Experts Warn Its Prime Time for Lyme Disease

WASHINGTON, D.C. -- As outdoor recreational activities reach their

peak during the summer months, more U.S. residents will be exposed to the risk of contracting Lyme disease.

 

The prime season for Lyme disease-bearing ticks is generally mid-July through September. During the past 10 years, 90 percent of reported cases occurred in: New York, Connecticut, Pennsylvania, New Jersey, Wisconsin, Rhode Island, Maryland, Massachusetts, Minnesota, and Delaware.

 

With more than 15,000 cases reported annually, Lyme disease is the most common tickborne infectious illness in the U.S. People who live and work in areas surrounded by wood or overgrown brush infested by ticks should be extra cautious to protect

themselves, especially during the summer months, advises Jeanne Pfeiffer, RN, MPH, CIC, president of the Association for Professionals in Infection Control and Epidemiology (APIC). 
 

Pfeiffer noted that within seven to 14 days following the tick bite, nearly 80 percent of infected patients experience symptoms that include a red, slowly expanding bulls-eye rash (called erythema migrans), accompanied by general tiredness, fever, headache, stiff neck, muscle aches, and joint pain. Patients who do not seek immediate treatment, within a few weeks may develop arthritis, including intermittent episodes of swelling and pain in the large joints; neurologic abnormalities, such as aseptic meningitis, facial palsy, motor and sensory nerve inflammation, and inflammation of the brain; and rarely, cardiac problems.

 

If you want to avoid risk altogether, steer clear of areas where ticks usually dwell close to the ground, such as moist, shaded environments with low brushy, wooded and grassy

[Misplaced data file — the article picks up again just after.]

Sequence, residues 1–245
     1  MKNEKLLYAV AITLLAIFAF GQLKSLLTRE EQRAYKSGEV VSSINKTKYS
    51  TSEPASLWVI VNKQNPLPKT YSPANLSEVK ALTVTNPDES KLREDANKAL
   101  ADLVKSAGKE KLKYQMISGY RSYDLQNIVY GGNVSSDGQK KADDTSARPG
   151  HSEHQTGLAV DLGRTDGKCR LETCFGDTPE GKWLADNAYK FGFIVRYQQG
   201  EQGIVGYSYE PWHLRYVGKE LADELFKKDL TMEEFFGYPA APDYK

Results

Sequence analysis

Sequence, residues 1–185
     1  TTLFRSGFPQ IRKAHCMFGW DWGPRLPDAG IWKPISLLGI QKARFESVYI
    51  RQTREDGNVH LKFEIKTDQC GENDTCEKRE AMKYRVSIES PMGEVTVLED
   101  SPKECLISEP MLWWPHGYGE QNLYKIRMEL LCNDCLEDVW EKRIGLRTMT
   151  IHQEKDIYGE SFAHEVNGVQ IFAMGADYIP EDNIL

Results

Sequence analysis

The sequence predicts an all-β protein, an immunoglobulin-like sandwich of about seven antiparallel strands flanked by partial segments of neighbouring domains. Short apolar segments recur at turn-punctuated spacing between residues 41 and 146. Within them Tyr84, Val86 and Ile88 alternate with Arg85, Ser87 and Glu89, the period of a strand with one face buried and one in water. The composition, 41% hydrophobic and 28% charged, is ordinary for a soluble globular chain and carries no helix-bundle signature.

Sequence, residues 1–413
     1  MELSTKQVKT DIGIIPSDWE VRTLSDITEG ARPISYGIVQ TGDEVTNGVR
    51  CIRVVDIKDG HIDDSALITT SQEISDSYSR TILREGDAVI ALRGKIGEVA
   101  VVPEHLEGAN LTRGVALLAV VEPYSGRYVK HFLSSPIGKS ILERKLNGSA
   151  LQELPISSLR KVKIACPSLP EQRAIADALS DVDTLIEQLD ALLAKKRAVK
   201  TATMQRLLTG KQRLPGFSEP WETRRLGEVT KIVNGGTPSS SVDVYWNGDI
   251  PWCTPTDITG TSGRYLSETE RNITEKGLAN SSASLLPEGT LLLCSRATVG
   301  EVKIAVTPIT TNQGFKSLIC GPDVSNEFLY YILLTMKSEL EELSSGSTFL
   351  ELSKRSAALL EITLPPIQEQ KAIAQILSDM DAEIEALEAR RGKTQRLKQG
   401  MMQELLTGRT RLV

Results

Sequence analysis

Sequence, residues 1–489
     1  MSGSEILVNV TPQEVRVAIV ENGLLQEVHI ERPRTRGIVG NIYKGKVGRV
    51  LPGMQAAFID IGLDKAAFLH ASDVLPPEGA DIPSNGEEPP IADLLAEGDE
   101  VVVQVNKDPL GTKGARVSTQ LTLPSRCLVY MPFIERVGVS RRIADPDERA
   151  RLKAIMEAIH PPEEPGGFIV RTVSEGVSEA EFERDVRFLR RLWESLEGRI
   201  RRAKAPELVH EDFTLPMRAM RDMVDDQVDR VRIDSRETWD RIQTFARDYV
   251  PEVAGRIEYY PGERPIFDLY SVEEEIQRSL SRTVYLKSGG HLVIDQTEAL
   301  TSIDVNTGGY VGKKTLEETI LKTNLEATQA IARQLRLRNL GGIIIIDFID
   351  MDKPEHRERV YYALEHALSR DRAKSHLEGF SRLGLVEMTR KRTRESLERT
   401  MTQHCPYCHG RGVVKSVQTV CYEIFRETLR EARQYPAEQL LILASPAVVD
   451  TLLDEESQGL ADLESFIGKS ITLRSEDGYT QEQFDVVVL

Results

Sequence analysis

regions. But, if you enjoy the outdoors and anticipate being in such areas, APIC recommends that you follow these simple precautionary measures to prevent the risk of infection:

 

-- Wear light-colored clothing so that ticks can be spotted more easily and removed before becoming attached to the skin. If possible, wear long-sleeves, long pants and socks when outdoors.

 

-- Apply insect repellents containing DEET to clothes and exposed skin, and apply permethrin (which kills ticks on contact) to clothes. Do not spray repellents containing DEET on skin under clothing, and do not apply permethrin directly on skin.

 

-- Check and remove promptly loose or attached ticks, as bacteria transmission from infected ticks is unlikely to occur before 36 hours. Chances of contracting Lyme disease

are greatly reduced if the tick is removed within the first 24 hours

 

-- Use tweezers to remove an attached tick, by getting as close as possible to the ticks mouthpart and gently pulling straight back

 

-- Monitor early signs of infection and seek medical assistance if symptoms develop

 

--Around residential properties, keep grasses cut; remove leaf litter, brush, and woodpiles; clear trees and brush to admit sunlight and reduce deer, rodent and tick habitat; and apply pesticides

 

Early diagnosis and proper antibiotic treatment of Lyme disease are mandatory to avoid late-stage complications, Pfeiffer said. However, adopting basic preventive measures remains the best weapon in the war against this seasonal disease.

 

Source: Association for Professionals in Infection Control and Epidemiology (APIC)

 

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